These changes are due, in part, to specific breeding and the different roles that they fulfill.
The American Labrador, also the working Lab, does way more fieldwork than its English counterpart. In effect, the American Lab is also much more slender and athletic in build. This build strays away from the traditional stocky nature of a breed standard Labrador.
Since the American Lab spends a considerable amount of time in the field and in the water, the chances of them retaining the inclination to swimming and water are quite high.
On the other hand, the English Lab is mostly bred for show. The English Lab looks more like a traditional Lab with a stocky build and a square head. However, they get much less fieldwork and time in the water than work Labs.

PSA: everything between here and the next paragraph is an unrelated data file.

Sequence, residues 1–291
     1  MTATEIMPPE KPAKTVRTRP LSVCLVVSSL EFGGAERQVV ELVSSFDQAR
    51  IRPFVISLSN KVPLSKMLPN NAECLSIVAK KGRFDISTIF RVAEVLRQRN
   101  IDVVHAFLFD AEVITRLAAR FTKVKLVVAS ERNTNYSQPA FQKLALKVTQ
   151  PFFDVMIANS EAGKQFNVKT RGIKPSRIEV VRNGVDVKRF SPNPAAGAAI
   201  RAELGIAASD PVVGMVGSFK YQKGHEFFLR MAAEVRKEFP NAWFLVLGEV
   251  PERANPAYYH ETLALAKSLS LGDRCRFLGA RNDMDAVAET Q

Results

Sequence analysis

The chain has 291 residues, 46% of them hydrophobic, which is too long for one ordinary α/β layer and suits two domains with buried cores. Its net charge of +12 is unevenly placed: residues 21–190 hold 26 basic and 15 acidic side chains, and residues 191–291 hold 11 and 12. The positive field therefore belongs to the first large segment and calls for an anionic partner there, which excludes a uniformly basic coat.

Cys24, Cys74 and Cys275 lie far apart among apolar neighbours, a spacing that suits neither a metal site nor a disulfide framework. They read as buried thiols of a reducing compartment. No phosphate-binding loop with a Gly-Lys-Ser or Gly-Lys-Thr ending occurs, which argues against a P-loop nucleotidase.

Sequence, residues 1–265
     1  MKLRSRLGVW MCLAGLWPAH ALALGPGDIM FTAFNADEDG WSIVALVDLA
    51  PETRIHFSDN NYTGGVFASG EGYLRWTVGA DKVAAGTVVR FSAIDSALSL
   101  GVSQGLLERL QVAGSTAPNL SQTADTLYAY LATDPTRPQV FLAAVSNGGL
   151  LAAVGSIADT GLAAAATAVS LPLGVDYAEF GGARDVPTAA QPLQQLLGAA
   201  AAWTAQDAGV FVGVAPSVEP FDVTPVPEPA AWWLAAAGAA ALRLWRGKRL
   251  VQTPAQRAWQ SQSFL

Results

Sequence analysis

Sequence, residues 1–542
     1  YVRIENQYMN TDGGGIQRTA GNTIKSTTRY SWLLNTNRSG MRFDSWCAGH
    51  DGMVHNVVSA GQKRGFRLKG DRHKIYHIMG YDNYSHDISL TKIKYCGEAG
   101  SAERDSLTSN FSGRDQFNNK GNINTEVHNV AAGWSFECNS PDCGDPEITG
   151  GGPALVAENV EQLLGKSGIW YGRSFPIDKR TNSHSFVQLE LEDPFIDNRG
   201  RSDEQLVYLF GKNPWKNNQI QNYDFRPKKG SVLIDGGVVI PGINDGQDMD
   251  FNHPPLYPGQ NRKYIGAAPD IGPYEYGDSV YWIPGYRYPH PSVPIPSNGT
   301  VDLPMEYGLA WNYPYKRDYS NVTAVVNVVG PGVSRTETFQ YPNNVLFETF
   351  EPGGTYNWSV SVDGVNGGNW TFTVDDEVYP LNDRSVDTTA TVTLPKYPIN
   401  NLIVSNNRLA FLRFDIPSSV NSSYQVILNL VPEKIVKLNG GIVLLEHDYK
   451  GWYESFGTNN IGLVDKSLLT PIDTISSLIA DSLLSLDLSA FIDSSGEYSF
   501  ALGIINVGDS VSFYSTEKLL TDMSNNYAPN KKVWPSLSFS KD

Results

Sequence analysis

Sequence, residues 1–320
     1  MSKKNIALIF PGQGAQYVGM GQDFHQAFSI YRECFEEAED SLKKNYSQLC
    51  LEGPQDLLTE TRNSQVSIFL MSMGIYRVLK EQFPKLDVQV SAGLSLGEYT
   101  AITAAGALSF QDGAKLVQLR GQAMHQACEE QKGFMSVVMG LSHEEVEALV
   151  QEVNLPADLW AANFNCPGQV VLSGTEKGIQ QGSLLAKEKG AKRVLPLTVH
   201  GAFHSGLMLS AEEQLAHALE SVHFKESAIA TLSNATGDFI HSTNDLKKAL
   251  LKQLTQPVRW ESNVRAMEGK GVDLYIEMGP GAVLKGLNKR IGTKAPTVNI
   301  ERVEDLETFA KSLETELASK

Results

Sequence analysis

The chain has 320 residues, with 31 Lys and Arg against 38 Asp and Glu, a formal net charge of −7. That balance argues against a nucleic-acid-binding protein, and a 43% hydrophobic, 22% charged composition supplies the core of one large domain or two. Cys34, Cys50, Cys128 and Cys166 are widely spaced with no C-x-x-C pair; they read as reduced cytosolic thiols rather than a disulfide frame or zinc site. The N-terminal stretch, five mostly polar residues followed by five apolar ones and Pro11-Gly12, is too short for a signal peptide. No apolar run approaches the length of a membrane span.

Because of the characteristics of a field lab and a show lab, the two types of Labrador are rarely bred together. This creates an even wider gap between the two and slowly wanes the inclination to water among the show Labs.
Of course, that’s not to say that just because your Lab comes from a show line, they will no longer like water or vice versa. This is only an additional consideration that is worth thinking about.
3. Your Lab is not used to the water yet.
No one is born fearless. In the same way, not all Labradors are born with the mindset of not being afraid of water even when they have not encountered it yet.
In some cases, the reason why your Labrador does not seem to like the water is just that it is something that is still unfamiliar to them.